This conclusion at first glance sounds rather simplistic, and I believe this bears more study and exploration. But some immediate questions came to my mind…and all of them related to the autistic or Asperger woman.

First, I wondered: how might these findings be relevant to autistic women? The MSNBC article framed the results in terms of higher rates of autism spectrum disorder in boys and cited the typical 4:1 ratio of autistic men to women (I believe that women are underdiagnosed anyway, but that’s a whole ‘nother subject) and suggested that estrogen may have some mitigating qualities in terms of the RORA gene for women. Given this, and assuming that the testosterone/estrogen balance is one of the primary factors responsible for the development of ASD, does this mean that autistic girls and women may have received too much testosterone or not enough estrogen in the womb?

Then I remembered a book I’d read a couple of years ago –Why Men Don’t Listen and Women Can’t Read Maps: How We’re Different and What To Do About It by Barbara and Allen Pease. One section in particular spoke to how sex hormones affect the brain development, or “wiring” if you will, in a developing fetus and drew on Dr. Gunther Dorner, who has done research in sex-related brain differences and sexual orientation.

How does this all work? According to Pease and Pease, the basic template for the human body is female – up until between the sixth to eighth week after conception. Dorner’s research showed male hormones are the key to changing that “template”: in fetuses which are genetic boys (XY), testosterone in particular is used in the developing body to form testes and to configure the brain for masculine traits and behaviors. In contrast, little to no male hormone is typically present with a genetically female fetus (XX) and thus the body forms female genitalia and the brain remains female according to the original template; estrogen facilitates the continuation and completion of the female brain wiring.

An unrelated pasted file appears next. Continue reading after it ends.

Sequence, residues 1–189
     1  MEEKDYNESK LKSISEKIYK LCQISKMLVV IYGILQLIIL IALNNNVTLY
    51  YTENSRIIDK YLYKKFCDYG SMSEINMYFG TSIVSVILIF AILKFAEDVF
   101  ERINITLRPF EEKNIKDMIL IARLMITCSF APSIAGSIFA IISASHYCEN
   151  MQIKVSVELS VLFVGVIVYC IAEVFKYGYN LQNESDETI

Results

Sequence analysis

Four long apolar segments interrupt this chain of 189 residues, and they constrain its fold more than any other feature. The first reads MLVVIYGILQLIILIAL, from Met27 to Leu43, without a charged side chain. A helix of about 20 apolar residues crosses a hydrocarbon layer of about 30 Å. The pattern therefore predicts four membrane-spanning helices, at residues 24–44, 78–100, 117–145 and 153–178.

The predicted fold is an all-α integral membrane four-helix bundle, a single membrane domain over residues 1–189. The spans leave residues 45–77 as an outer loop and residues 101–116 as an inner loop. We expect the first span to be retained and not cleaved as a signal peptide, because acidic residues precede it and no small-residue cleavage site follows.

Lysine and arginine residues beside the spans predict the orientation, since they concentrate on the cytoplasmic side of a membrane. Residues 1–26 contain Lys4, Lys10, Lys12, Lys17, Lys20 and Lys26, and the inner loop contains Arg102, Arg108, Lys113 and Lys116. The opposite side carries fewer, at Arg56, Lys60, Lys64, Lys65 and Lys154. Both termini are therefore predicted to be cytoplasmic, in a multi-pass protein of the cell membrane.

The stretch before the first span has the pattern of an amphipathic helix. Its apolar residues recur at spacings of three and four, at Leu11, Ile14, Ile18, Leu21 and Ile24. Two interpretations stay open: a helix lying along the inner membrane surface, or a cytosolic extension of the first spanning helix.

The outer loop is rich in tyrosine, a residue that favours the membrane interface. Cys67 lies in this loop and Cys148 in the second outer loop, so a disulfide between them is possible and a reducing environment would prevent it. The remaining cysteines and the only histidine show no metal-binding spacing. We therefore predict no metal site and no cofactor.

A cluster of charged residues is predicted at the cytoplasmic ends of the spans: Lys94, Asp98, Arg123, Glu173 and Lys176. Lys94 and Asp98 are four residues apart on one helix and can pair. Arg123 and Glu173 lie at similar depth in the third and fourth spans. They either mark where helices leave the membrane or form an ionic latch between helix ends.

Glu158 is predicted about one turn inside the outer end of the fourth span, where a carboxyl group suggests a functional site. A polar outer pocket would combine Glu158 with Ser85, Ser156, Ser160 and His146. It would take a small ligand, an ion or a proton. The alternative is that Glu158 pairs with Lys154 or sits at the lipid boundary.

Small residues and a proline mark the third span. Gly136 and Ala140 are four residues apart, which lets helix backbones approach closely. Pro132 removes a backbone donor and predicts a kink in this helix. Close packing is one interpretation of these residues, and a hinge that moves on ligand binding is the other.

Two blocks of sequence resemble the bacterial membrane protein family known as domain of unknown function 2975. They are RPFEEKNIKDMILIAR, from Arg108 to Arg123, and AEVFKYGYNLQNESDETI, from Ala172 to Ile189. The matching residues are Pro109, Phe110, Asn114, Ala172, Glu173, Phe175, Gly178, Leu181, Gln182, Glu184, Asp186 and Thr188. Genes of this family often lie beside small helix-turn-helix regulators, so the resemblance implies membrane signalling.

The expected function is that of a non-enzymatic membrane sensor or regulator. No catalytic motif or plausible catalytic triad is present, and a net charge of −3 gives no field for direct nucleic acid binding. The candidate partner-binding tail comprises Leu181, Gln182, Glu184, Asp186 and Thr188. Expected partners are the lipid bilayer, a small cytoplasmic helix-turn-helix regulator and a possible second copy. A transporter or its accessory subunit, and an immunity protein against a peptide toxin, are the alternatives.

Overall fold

So what does this mean? As the Peases explain it, testosterone is first used for the development of the male genitalia and whatever remains is used for sex-linked brain development. If there is not enough testosterone, then the brain may not completely develop with male wiring – he will end up with typically female thinking patterns and abilities in varying degrees according to how much testosterone was lacking during development. Conversely, if a female fetus accidently receives too much testosterone, she may end up with some male brain wiring in varying degrees, again according to how much testosterone she received in the womb.

Gender Identity and the Autistic Woman

Following this line of thinking, one could conclude that autistic women may have received too much testosterone in the womb and might have developed more male-wired brains. This conclusion lines up with Simon Baron-Cohen’s ”extreme male brain” theory of autism. While I still need to research the ins and outs of his theory, I will continue following this logic for just a moment and ask the question: so what does this mean for autistic women and their sense of gender identity?